The role of today’s primary role academic adviser is robust and multifaceted. Advisers must continually provide supportive outreach and engagement to address student interests, develop academic plans, and identify career paths from the time students first enroll throughout their college experience, and oftentimes, well past graduation.
As a career coach, I meet with both domestic and international students who are hoping to build their connections in a variety of industries. Many of our newer graduate programs in the Katz School of Science and Health can be completed in as little as 12 months, so there is a relatively short runway for these students to develop and cultivate their industry connections.
There is a seemingly endless supply of tools and tips for helping the undeclared student figure out what they want to do with their life. This process is difficult for students, challenging them to develop self-awareness alongside visions for the future.
How can your career center help students to prepare for their mock interviews and set up the mock interviews to maximize the experience?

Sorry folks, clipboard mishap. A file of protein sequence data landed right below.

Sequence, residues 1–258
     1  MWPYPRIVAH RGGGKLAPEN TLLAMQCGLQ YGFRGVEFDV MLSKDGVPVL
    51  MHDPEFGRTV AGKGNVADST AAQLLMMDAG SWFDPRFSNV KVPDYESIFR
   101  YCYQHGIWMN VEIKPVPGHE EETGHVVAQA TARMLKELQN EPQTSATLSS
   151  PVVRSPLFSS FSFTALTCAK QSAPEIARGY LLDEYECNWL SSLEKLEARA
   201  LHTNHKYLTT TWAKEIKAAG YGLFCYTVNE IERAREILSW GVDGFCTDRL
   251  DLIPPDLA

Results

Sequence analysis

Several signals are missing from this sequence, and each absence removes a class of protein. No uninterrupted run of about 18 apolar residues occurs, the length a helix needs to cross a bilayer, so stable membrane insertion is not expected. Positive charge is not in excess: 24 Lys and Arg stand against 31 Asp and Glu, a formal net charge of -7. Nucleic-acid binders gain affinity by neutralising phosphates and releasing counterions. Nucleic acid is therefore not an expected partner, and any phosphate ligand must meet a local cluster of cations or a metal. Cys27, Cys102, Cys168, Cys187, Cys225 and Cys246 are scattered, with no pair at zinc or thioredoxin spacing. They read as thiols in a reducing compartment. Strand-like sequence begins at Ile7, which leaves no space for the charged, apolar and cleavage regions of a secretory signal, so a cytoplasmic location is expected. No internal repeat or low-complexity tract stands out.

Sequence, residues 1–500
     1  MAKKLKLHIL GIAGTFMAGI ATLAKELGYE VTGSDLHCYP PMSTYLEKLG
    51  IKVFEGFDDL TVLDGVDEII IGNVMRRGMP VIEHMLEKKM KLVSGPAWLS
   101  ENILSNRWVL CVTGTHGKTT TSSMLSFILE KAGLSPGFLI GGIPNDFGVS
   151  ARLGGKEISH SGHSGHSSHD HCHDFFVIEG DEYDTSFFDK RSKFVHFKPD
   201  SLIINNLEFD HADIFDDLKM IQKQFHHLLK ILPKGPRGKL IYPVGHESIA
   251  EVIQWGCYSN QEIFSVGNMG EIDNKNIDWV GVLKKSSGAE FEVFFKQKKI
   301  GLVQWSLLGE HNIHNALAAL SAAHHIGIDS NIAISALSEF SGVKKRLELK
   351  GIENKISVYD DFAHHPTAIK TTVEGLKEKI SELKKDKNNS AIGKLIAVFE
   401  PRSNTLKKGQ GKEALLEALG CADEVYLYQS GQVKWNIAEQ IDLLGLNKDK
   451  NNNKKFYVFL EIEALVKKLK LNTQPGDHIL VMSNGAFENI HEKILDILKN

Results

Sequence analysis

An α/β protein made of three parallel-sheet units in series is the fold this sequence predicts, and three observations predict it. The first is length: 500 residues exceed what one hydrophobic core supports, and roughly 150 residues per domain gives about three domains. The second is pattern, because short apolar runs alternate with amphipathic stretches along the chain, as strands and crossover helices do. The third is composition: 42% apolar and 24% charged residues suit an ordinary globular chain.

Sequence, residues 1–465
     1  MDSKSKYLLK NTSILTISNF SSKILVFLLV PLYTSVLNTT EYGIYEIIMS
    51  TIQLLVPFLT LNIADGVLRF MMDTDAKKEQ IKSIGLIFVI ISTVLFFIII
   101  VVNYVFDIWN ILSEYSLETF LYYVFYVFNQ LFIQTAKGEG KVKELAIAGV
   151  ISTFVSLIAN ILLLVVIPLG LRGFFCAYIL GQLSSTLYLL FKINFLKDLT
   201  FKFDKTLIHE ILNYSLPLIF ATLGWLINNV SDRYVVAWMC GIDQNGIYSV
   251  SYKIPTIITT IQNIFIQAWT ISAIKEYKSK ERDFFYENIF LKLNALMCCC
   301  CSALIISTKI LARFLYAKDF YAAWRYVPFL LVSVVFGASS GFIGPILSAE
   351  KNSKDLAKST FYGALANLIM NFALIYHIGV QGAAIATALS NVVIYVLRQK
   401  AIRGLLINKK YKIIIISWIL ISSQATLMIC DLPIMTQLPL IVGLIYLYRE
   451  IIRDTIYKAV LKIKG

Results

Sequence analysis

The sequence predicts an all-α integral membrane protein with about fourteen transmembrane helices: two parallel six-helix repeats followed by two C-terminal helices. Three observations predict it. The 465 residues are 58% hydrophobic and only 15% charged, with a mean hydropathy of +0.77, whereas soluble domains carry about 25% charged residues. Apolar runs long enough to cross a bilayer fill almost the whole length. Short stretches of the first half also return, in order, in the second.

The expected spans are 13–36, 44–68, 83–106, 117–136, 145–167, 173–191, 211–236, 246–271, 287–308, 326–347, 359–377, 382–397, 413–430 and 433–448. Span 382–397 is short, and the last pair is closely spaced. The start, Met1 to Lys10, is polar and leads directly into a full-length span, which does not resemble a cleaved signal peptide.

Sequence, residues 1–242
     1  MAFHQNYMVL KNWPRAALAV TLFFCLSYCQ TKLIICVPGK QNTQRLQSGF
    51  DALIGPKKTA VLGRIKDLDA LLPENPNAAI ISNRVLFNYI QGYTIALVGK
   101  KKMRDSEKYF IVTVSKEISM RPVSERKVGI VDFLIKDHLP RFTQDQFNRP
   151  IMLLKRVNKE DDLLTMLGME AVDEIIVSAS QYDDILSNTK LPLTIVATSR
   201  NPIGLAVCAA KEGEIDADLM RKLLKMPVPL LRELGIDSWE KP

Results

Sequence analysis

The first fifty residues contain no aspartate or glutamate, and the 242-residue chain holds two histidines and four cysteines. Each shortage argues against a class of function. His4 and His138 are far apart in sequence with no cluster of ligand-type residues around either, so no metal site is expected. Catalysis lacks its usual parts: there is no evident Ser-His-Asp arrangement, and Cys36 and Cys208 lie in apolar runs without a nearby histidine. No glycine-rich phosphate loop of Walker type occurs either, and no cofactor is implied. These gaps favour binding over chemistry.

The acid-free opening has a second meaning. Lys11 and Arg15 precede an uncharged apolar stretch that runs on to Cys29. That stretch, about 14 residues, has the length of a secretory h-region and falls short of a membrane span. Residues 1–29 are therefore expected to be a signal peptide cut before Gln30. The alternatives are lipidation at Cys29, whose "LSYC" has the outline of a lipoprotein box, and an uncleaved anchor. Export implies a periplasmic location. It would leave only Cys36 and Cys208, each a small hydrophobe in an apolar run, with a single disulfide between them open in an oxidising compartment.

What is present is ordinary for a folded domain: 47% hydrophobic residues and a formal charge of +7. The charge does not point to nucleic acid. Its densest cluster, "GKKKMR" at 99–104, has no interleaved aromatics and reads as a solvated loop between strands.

The “wandering map,” a variation on the mind map, encourages students to explore their lives on paper.
The coaching movement addresses the student as an equal partner, empowering them to close the gap between where they are and where they want to be.
Coaching is the primary focus regarding the career development of students and the professional development among career services staff.
Appreciative inquiry is a positive, solution-focused approach to problem solving and is sometimes labeled appreciative coaching, appreciative advising, and appreciative living. These labels tend to reflect the population served: Appreciative inquiry focuses primarily on organizations, while the other terms apply more to work with individuals.
What advice would you offer to a student who wants to include religious information on his or her resume?
Many colleges are placing a renewed emphasis on recruiting rural students. Are career centers prepared to help them when they get there?
There are questions that career services professionals can suggest their students ask recruiters to assess an organizations’ DEI priority and commitment.
Students may ask specific questions to assess your organization’s commitment to diversity, equity, and inclusion. Be prepared to answer them.
By intentionally blending appreciative advising and brain-based career development, career services professionals can better serve students.
Career services professionals have been wrestling with helping students pursue work that provides meaning and allows them to make an impact. Career services professionals can benefit from a calling-centered approach to career coaching.